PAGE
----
A team from the University of Southampton and the National Oceanography Centre in Southampton have found new deep sea vents known as black smokers, after the black, mineral rich water they belch out, 5km down in a trench just off the Cayman Islands in the Caribbean, and a host of new species living around them. The vents are also almost a kilometre deeper than any other deep sea vents found, and one of them is spewing out a plume of mineral-laden water over a kilometre up into the sea!
The team sent an unmanned sub down to the vents to observe them and bring back samples of any life they found down there. Because despite the estimated temperature of the water – 450 degrees C, and the crushing pressures at that depth, it’s not a lifeless landscape – the marine biologists led by Dr Jon Copley found a new species of shrimp clustering round the vents. They’ve called it Rimicaris hybisae, and it has no eyes, but it does have a light sensing organ on its back, which might possibly help the shrimp navigate their way around in the dim glow that comes from the black smokers themselves. And it might come in handy for manoeuvring around their neighbours – the shrimp were found in huge clusters with over 2000 shrimp per square metre! At another of the vents, on Mount Dent, a huge undersea mountain, yet more new species were found – a snake like fish, more shrimp and an amphipod, which is a type of crustacean.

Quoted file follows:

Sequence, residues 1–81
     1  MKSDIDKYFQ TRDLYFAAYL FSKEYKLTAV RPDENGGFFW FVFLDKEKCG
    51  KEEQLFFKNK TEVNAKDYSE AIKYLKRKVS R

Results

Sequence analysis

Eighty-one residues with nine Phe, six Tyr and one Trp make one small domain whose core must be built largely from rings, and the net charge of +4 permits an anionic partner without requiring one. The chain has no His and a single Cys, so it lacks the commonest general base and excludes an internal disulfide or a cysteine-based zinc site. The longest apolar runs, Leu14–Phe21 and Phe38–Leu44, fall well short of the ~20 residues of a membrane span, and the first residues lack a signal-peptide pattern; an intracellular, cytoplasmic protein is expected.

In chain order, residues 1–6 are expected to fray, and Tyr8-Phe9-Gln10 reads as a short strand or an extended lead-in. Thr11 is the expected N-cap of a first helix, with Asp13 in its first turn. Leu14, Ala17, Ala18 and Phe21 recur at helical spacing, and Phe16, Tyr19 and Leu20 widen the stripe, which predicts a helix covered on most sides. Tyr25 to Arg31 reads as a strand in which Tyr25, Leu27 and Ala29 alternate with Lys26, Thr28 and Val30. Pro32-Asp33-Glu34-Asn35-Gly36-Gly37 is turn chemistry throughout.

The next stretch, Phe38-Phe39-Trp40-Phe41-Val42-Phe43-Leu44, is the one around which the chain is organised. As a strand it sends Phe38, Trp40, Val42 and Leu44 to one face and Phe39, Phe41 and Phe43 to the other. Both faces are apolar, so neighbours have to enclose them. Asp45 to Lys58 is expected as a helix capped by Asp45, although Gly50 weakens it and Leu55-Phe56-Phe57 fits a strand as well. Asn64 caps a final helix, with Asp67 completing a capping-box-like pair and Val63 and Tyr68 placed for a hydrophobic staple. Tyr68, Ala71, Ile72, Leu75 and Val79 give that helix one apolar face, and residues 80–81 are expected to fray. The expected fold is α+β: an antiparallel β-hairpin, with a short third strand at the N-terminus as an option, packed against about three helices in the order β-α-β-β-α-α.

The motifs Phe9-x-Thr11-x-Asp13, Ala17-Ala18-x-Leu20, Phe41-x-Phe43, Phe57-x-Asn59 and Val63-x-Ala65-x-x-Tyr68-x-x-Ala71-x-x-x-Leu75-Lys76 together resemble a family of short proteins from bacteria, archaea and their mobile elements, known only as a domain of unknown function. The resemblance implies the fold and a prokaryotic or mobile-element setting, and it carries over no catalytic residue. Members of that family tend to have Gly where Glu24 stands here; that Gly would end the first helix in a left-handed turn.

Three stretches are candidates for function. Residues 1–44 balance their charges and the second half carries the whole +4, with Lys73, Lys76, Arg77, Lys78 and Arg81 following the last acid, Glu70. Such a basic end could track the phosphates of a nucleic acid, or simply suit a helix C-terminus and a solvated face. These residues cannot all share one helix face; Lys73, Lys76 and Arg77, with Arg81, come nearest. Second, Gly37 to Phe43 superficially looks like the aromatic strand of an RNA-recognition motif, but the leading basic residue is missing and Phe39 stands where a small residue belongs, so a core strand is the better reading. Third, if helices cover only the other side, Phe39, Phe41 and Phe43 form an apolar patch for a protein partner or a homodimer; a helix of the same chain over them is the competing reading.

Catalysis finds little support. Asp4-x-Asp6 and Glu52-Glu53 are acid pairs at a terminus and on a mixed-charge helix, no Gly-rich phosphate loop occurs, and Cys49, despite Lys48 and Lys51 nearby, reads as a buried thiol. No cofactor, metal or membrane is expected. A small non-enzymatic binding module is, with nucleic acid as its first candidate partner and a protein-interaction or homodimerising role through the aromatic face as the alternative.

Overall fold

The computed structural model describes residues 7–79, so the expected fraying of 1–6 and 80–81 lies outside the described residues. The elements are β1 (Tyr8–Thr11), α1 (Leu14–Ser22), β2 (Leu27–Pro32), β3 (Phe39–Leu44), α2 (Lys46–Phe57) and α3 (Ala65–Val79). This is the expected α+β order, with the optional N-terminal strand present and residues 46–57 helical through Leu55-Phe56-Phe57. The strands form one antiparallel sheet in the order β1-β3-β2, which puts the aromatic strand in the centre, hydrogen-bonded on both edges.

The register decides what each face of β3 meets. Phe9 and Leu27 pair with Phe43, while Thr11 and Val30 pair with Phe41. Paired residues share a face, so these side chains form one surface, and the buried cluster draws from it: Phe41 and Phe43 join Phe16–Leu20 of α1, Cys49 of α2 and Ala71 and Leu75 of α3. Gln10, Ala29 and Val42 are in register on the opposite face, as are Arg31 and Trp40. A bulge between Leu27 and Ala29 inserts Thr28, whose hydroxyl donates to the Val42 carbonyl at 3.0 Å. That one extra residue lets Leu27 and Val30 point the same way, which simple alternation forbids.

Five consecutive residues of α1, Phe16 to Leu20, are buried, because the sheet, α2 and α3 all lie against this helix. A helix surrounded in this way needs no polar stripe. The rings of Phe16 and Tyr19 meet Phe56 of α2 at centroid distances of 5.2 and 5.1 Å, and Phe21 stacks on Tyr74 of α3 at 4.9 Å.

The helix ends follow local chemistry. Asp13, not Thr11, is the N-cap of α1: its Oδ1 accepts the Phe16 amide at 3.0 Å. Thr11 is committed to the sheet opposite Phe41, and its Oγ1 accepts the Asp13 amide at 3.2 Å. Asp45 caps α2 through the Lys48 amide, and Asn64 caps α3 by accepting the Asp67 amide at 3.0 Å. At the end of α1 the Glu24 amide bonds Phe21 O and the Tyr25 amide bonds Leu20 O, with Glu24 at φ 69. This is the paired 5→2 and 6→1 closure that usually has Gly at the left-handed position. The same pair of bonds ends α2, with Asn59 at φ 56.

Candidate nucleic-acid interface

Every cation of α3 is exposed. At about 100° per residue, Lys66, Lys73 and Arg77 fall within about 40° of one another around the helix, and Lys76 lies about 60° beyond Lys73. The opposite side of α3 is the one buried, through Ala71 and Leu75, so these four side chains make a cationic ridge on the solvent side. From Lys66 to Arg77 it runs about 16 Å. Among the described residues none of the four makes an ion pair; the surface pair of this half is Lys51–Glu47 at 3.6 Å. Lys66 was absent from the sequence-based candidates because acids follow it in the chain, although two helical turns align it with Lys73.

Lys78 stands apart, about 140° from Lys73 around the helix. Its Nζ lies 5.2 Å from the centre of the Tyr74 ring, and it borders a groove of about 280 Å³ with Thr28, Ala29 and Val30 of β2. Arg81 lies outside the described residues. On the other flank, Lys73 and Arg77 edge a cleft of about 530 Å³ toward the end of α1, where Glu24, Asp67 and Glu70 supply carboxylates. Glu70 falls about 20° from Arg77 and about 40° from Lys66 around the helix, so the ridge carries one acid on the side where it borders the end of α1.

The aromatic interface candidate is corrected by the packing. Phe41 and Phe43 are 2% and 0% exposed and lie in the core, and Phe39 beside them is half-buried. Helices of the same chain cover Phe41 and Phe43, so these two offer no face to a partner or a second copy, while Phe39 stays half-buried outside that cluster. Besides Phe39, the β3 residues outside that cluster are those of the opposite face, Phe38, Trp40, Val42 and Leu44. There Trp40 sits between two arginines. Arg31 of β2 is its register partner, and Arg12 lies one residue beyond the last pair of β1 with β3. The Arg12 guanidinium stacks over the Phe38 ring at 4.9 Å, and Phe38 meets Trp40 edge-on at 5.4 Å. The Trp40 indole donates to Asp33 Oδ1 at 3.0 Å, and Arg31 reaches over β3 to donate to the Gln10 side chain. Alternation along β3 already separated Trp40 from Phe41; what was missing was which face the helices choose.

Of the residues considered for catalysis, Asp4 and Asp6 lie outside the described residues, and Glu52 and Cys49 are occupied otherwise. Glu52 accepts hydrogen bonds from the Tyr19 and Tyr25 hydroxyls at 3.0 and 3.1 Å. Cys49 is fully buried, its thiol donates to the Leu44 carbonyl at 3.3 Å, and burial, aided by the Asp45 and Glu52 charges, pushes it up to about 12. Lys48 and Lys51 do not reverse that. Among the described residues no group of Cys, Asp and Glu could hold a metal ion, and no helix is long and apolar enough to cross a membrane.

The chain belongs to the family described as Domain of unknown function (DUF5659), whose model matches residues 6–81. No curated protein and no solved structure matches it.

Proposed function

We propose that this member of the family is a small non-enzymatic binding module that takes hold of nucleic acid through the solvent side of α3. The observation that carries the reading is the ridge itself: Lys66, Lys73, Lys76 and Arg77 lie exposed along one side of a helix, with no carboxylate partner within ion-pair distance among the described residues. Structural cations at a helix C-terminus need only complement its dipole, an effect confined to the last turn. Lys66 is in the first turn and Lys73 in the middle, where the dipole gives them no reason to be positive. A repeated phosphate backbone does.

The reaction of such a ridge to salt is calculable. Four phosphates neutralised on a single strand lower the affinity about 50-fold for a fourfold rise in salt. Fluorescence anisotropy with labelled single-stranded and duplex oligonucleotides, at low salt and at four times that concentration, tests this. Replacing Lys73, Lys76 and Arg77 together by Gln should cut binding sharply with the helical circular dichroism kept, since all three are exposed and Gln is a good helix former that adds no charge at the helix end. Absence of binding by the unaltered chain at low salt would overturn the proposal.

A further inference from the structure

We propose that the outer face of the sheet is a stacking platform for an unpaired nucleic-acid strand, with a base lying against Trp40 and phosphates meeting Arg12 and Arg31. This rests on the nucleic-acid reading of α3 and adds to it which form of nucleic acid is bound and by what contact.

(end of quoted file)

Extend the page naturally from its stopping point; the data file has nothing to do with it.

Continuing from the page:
And finding vents at all on an undersea mountain is very unusual – the Van Damm vent field as the researchers named the Mount Dent grouping of vents (after the geochemist Karen, not Jean Claude!) is the first of its kind to be discovered, and it has led Dr Douglas Connelly, the paper’s lead author, to suggest that deep sea vents may actually be more common than we thought, and that that might explain how the species that live clustered around hydrothermal vents like this could have spread to other vents far away.